Read-aloud:  Praise the Lord, we finally finished The Phantom Tollbooth.  Now I am reading Tales of a Fourth Grade Nothing, which is young for them, but we are going to NYC later this week so I decided to do a quick fun book in a NYC setting.  They like it, so I might follow up with Superfudge.

 

Individual reading:  one kid is doing easy stuff like Dork Diaries and such.  The other kid has a pile of different stuff - Marguerite Henry horse stories, some book about horror movies, and the modern popular middle school girl stuff (monster descendants, android thrillers, whatever).

 

Myself, I finished the Robert Louis Stevenson book of stories that I was reading, and have gone back to a dry nonfiction book that my brother bought me years ago.  I don't have the heart to tell him I don't love the book.  :p  I have roughly 200 pages left, after which I will throw a secret party for myself.  :p

Edited by SKL
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Inspired by runningmom's Ada Twist thread, I thought I'd ask what everyone is reading with their kids and also for yourselves. It's great to get some new ideas from others.

 

This is us right now:

 

DD10 - independently reading Twilight (the reversed gender one)

          - together with me - The Absolute Value of Mike (by Kathryn Erskine of Mockingbird fame)

          - nonfiction together for fun - Murderous Maths The Phantom X

          

 

Me(40-something, lost count a while back) - Fiction - The Book of Secrets by Elizabeth Joy Arnold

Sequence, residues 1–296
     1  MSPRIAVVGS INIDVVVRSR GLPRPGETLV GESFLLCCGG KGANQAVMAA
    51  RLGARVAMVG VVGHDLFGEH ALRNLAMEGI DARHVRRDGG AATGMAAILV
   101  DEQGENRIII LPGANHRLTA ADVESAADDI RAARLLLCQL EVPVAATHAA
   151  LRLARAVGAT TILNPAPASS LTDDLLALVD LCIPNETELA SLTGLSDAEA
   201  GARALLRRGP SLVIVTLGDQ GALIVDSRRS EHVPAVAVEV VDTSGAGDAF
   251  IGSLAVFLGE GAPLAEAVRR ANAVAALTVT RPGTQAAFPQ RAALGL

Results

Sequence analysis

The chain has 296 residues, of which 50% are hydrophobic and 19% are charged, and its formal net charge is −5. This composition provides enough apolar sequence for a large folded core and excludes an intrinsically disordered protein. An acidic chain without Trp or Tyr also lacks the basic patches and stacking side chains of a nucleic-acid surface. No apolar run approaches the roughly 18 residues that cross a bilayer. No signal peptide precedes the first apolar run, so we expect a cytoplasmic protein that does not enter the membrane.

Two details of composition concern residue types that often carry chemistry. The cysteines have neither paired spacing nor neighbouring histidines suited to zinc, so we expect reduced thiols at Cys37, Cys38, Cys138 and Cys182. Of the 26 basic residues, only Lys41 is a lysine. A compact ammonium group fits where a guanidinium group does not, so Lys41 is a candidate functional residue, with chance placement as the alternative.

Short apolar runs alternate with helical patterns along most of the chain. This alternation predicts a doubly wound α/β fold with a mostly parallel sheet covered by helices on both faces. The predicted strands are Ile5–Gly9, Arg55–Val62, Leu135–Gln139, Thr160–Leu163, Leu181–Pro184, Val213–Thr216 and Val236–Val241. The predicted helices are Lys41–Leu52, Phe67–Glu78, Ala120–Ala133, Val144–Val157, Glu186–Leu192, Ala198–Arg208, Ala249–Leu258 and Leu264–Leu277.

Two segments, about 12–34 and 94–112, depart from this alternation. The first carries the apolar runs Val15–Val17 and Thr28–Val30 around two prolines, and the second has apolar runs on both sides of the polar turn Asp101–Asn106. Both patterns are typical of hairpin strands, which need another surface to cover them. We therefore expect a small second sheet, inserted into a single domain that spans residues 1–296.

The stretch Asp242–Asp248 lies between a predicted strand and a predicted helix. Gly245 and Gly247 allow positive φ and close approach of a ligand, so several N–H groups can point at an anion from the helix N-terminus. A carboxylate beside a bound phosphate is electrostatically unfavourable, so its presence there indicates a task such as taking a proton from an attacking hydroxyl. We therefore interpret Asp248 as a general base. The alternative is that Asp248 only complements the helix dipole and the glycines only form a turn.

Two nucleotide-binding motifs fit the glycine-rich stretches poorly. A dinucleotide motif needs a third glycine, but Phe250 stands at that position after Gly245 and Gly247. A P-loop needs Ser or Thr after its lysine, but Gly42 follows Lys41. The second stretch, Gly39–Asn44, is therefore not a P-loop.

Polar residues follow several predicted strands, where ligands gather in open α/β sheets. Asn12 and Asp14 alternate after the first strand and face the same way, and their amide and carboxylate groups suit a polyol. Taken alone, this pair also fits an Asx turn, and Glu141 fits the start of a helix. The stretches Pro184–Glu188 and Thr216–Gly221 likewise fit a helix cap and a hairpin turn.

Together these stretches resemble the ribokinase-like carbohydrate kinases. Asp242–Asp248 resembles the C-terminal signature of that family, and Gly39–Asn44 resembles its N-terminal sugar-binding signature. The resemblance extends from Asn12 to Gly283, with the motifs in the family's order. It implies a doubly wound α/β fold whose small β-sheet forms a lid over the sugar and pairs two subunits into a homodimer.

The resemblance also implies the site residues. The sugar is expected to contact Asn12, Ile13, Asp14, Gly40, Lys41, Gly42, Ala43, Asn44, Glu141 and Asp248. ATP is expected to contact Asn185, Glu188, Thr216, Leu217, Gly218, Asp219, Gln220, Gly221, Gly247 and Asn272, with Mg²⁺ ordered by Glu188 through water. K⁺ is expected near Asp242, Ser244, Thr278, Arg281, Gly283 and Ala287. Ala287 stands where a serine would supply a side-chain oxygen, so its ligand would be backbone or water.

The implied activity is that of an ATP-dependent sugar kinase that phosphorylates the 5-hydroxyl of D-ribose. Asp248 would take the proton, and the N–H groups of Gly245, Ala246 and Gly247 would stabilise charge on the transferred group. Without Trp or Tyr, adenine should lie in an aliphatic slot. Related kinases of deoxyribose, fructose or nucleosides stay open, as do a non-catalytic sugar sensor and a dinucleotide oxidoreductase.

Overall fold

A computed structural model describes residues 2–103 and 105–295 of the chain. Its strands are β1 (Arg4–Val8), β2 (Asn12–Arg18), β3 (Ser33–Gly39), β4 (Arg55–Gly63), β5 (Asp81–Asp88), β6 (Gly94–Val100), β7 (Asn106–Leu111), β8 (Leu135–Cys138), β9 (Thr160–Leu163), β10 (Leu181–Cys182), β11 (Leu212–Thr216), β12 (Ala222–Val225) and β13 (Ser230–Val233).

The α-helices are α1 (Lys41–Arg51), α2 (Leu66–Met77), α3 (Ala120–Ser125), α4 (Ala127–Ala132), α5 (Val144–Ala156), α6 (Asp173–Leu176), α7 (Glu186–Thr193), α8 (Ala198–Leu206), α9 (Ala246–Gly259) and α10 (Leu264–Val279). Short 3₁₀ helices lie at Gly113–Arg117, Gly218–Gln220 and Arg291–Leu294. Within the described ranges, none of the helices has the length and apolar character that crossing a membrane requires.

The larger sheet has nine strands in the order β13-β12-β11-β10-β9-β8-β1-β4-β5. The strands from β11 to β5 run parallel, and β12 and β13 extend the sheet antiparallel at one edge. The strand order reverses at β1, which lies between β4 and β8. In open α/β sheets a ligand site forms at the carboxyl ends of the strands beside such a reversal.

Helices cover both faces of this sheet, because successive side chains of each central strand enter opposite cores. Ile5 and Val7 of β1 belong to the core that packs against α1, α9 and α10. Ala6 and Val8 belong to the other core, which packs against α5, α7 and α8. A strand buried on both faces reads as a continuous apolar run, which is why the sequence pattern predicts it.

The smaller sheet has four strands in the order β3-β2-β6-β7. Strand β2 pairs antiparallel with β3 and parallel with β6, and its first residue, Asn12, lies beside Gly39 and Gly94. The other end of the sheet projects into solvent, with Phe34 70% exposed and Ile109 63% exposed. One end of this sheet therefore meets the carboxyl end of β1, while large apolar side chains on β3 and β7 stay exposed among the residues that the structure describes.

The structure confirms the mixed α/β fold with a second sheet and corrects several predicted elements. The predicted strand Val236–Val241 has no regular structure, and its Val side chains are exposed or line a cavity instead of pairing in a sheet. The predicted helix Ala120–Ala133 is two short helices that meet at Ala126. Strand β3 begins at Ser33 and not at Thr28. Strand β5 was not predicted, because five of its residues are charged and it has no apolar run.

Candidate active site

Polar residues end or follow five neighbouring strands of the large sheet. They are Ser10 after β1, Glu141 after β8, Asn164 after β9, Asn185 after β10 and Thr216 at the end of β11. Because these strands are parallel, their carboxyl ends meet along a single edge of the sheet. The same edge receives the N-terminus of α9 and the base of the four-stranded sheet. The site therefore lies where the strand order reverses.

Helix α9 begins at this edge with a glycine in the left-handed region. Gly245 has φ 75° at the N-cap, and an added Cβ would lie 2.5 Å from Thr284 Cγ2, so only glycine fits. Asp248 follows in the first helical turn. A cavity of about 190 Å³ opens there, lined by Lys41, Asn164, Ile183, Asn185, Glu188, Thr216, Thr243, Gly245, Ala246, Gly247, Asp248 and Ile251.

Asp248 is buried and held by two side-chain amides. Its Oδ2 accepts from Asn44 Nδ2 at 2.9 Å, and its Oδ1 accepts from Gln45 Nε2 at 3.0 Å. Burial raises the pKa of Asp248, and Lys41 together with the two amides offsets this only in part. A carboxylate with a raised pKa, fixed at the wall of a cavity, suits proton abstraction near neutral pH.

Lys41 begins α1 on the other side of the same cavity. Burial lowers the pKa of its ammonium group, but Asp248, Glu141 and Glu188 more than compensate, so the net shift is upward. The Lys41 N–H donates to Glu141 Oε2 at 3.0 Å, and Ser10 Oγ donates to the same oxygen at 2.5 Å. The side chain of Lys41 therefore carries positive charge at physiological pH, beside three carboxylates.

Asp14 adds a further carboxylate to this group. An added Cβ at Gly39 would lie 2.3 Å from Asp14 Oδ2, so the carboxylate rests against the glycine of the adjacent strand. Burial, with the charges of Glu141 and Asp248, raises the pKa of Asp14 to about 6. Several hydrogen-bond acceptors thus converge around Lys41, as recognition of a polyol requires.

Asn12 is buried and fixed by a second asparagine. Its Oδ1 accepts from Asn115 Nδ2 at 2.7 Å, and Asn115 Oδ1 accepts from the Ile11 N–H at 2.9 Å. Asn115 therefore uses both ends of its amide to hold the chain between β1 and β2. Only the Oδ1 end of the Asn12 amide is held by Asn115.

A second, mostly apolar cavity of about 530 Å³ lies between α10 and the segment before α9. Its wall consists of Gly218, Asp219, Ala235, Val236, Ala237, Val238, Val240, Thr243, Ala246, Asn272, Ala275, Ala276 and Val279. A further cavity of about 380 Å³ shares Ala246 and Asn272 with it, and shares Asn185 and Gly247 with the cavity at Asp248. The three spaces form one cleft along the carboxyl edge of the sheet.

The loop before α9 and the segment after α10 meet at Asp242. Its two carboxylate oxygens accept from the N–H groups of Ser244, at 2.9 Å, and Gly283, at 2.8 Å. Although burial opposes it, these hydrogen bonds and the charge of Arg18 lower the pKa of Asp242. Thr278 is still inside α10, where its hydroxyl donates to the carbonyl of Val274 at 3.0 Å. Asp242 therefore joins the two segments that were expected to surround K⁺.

- Non-fiction - Misdiagnosis and Dual-diagnosis of Gifted Children by James Webb et al

 

My reading: Just finished Reincarnation Blues & The Address. Both were good. Started The Book Thief yesterday. 

 

DD15: Independent for school -- A Prayer for Owen Meany (I'm trying to keep up with her on this, but failing); Independent for fun - various books from the library on computers, autism, and aquariums.

 

DD12: Independent for school - Jamestown: Blood on the River; Independent for fun - various nursing textbooks bought at library sale, and books form the library on diseases and fiction science fiction books.

 

DD10: Independent for school - My Brother Sam is Dead; Independent for fun - fiction horse books & American Girl books

 

DD12 & 10: Read - Aloud - Johnny Tremain

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Audiobook: we finished listening to Clementine and I’m trying to decide what to do next. Maybe Henry Huggins.

 

DD5 is readig Ivy and Bean and has 2 pages left. She wants to read the rest of the series. I put two more on hold at the library.

 

DD and I are buddy reading The Witch Family by Eleanor Estes. Now that she’s reading a ton on her own, she has no desire to read a whole chapter aloud to me so we’ve been doing a paragraph each. It’s been a good way to guage her reading ability.

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DS Robby 8, is reading A Mouse Called Wolf by Dick King Smith

Read Aloud is Out of the Silent Planet just finished and moving on to the sequel, Perelandra

Audiobook in the car is Peter Pan read by Jim Dale on deck is The Hobbit read by Rob Inglis